A committee of the US Food and Drug Administration (FDA) today rejected two of the three modified-risk claims made by Philip Morris International (PMI) for its IQOS heated tobacco product, throwing into doubt but not entirely ending hopes that it would become the country’s first officially-endorsed safer alternative to cigarette smoking.
The agency’s Tobacco Products Scientific Advisory Committee (TPSAC) voted 8-0 with one abstention to reject PMI’s first claim, that “switching completely from cigarettes to the IQOS system can reduce the risks of tobacco-related diseases”.
It also rejected by a much narrower 5-4 margin the second claim, that “switching completely to IQOS presents less risk of harm than continuing to smoke cigarettes”. The committee may have shared the concerns already expressed in an FDA briefing over the prospect of many IQOS adopters also continuing to dual-use combustible cigarettes.
However, on the second day of its long-awaited IQOS hearing the committee did support, by 8 votes to 1, PMI’s third contention – that “switching completely from cigarettes to the IQOS system significantly reduces your body’s exposure to harmful or potentially harmful chemicals”.
The TPSAC’s decisions are not final, but are highly likely to guide the agency’s determination of the three PMI applications for modified risk tobacco product (MRTP) status.
If PMI succeeds in any of the applications, it will win the right to publicly make the associated claims, for example in advertising and on packaging.
That could give PMI and its US partner Altria a significant marketing advantage over existing tobacco alternatives such as e-cigarettes, whose manufacturers are not allowed to make such claims without obtaining MRTP status themselves – something no company has yet achieved.
In order to sell IQOS in the US, PMI and Altria will also have to file and succeed in a premarket tobacco product application (PMTA). That is expected to be much easier to obtain than MRTP status.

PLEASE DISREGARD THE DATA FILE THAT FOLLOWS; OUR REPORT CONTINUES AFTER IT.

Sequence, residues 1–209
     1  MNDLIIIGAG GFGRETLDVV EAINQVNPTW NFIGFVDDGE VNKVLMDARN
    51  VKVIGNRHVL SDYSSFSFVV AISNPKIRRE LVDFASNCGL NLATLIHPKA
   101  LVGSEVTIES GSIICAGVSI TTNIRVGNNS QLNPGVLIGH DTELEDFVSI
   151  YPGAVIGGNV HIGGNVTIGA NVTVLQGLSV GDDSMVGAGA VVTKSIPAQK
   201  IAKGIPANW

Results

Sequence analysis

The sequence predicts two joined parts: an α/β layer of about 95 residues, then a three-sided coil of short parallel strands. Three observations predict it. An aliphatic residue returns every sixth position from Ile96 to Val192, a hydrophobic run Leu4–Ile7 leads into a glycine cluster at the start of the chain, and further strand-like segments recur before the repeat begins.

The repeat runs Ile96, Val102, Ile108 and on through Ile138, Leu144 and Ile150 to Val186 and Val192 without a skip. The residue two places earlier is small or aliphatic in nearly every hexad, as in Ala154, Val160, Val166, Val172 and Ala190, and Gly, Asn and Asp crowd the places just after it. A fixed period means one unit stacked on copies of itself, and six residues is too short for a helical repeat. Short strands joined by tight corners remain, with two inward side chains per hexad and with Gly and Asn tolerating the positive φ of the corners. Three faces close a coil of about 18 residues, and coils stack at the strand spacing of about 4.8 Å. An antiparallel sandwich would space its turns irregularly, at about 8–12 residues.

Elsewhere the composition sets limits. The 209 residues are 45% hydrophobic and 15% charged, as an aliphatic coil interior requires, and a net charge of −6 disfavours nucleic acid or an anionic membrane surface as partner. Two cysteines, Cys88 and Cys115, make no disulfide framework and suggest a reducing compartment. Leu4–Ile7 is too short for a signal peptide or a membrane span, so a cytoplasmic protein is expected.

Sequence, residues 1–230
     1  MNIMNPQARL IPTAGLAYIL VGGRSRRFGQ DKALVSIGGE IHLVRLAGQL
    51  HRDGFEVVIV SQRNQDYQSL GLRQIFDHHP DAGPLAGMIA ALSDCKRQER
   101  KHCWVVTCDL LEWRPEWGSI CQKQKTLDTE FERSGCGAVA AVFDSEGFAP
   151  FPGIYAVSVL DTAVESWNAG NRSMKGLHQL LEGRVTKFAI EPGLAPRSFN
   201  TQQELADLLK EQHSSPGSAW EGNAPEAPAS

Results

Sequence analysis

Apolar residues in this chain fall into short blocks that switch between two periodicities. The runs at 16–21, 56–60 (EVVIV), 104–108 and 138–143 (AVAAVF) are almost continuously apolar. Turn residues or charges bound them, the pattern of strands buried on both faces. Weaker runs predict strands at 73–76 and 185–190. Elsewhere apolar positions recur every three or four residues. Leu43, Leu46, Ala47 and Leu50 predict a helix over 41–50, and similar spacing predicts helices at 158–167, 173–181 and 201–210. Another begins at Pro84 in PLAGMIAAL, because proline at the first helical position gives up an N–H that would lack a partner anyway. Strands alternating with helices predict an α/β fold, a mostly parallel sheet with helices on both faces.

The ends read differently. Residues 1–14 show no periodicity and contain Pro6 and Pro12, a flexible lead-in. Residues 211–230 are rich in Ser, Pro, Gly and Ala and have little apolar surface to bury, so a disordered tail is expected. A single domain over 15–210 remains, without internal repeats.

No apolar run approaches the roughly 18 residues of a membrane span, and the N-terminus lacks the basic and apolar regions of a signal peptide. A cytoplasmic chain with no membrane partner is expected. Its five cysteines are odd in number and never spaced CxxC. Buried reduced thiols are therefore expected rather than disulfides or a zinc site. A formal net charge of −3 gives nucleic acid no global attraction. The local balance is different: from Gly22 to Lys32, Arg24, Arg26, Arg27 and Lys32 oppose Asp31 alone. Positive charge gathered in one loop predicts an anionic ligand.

IQOS has already enjoyed much-noted success in Japan, as well as being launched in the Korean market and widely across Europe.
The share prices of both PMI and Altria fell sharply on the New York Stock Exchange as the TPSAC’s decisions were announced, although they soon started to recover.
What This Means: Undoubtedly this will be painted as a bleak outcome for PMI, a view exacerbated by the level of hype over IQOS in recent months. In reality, though, the rejection was far from outright: PMI won 12 of the total 26 votes cast across the three applications, not to mention an outright majority in one of them.
This may well suggest that it was the details of the science supporting the applications and the precise wording of the safety claims PMI wanted to make, rather than the essential concept of IQOS, which tilted the TPSAC against approval. If that is true, another application on another day might fare better.
It is notable that the application which the TPSAC did endorse was the one dealing with relatively straightforward, and measurable, chemical exposures – rather than less easily ascertainable longer-term health impacts. Indeed, only this week the high-profile new report on e-cigarettes from the US National Academies of Sciences, Engineering, and Medicine highlighted precisely the problem of predicting those long-term effects.
For now, the committee votes might seem a significant setback for PMI and Altria, but the story is far from over: if the FDA does choose to follow the TPSAC’s recommendations on the third claim and grant MRTP status on that one alone, IQOS could still win the war despite losing a majority of the battles.
– Barnaby Page ECigIntelligence staff